Issue Date: January 13, 2014
Activating Titanium Dioxide With Visible Light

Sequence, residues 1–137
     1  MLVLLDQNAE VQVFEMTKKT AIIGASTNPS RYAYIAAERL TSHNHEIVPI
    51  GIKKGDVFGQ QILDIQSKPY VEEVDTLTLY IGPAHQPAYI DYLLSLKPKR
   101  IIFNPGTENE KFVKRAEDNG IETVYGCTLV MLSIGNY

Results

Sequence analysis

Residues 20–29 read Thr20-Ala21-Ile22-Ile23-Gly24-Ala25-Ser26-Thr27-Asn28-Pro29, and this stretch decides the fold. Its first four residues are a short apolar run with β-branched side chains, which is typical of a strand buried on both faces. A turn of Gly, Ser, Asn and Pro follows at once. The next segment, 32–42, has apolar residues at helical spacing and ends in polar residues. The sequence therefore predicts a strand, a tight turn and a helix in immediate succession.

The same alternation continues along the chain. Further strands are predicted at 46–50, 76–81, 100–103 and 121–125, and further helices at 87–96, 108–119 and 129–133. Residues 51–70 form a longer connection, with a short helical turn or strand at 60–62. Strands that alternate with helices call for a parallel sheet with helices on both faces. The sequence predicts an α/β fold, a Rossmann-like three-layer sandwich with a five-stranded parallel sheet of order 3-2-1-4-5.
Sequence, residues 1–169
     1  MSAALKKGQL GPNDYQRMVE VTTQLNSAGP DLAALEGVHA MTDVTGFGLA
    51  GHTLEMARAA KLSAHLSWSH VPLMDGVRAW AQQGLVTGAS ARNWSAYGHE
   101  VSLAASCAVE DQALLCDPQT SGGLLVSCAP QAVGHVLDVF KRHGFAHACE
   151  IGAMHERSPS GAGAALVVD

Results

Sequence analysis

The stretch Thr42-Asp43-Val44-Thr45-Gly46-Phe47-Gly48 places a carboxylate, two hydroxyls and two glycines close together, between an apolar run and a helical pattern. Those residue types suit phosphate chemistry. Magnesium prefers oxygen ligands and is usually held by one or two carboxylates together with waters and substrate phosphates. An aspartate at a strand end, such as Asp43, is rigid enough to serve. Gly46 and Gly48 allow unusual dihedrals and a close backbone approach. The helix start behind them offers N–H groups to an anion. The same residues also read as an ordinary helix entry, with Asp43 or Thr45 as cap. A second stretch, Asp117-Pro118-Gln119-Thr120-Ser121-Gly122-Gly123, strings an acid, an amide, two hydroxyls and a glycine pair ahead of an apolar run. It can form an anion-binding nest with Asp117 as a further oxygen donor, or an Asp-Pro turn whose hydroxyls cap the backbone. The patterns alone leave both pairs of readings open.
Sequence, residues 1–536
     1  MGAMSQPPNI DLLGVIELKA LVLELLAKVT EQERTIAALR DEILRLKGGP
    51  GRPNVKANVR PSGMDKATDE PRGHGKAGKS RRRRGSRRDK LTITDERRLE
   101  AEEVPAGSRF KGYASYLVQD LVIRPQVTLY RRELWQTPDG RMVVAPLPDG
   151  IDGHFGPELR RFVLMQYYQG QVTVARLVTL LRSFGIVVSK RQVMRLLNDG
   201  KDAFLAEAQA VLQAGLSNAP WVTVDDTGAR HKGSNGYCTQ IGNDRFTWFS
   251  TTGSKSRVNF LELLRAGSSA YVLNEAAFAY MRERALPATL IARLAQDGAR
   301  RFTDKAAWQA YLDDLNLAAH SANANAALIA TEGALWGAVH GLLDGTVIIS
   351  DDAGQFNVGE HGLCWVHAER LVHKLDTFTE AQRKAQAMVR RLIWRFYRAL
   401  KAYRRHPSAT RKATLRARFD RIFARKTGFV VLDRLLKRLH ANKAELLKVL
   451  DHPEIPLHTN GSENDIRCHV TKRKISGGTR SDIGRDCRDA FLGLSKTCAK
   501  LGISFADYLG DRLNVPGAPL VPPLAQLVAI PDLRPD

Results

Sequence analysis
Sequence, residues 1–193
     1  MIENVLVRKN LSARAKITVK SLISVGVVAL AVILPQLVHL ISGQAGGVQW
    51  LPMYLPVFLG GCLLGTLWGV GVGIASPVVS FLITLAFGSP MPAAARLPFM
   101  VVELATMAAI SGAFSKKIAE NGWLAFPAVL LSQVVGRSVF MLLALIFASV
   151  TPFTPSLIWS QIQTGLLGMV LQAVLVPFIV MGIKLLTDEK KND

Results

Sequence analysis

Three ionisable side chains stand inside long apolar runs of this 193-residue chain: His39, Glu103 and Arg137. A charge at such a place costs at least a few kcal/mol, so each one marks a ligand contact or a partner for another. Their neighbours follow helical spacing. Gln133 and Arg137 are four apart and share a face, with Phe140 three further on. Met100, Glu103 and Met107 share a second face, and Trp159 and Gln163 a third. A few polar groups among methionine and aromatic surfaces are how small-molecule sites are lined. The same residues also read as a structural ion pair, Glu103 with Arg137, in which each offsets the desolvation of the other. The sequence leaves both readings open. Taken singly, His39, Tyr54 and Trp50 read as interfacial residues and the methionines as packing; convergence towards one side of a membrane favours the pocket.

Many scientists view titanium dioxide as an attractive, low-cost photocatalyst for a variety of applications, including water purification, water splitting, and solar power. But there is a snag: The material catalyzes reactions mainly in response to ultraviolet light. Now, researchers in Singapore have found a way to dope the surface of TiO2 with nitrogen so that the material responds to visible light, drastically increasing its photocatalytic activity (J. Phys. Chem. C 2013, DOI: 10.1021/jp408798f). Previously used doping methods, such as magnetron sputtering and high-energy ion bombardment, create defects in the bulk TiO2 that reduce the photocatalytic efficiency of the material. But directing a low-energy beam of nitrogen atoms at TiO2 deposits nitrogen on the surface only and keeps the material free of defects, says Junguang Tao, a physicist at the Institute of Materials Research & Engineering, in Singapore. He and his team found that TiO2 doped in this way showed photoactivity when illuminated with visible light, unlike the undoped TiO2. What’s more, the surface-doped TiO2 showed greatly enhanced photoactivity under UV illumination, compared with TiO2 doped via other methods.
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